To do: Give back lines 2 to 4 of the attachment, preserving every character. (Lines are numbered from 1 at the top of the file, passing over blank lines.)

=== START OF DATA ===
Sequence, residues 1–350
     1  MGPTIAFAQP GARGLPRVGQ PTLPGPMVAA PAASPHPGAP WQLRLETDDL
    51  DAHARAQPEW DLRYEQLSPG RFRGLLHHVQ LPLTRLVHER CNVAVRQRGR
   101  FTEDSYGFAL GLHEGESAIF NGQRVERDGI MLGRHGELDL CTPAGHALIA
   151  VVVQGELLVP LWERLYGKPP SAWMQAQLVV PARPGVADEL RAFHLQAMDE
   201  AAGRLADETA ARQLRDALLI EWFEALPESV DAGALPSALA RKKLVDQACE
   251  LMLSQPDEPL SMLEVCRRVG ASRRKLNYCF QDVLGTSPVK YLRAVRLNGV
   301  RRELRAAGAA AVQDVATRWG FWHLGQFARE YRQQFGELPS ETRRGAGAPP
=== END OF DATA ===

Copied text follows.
     1  MGPTIAFAQP GARGLPRVGQ PTLPGPMVAA PAASPHPGAP WQLRLETDDL
    51  DAHARAQPEW DLRYEQLSPG RFRGLLHHVQ LPLTRLVHER CNVAVRQRGR
   101  FTEDSYGFAL GLHEGESAIF NGQRVERDGI MLGRHGELDL CTPAGHALIA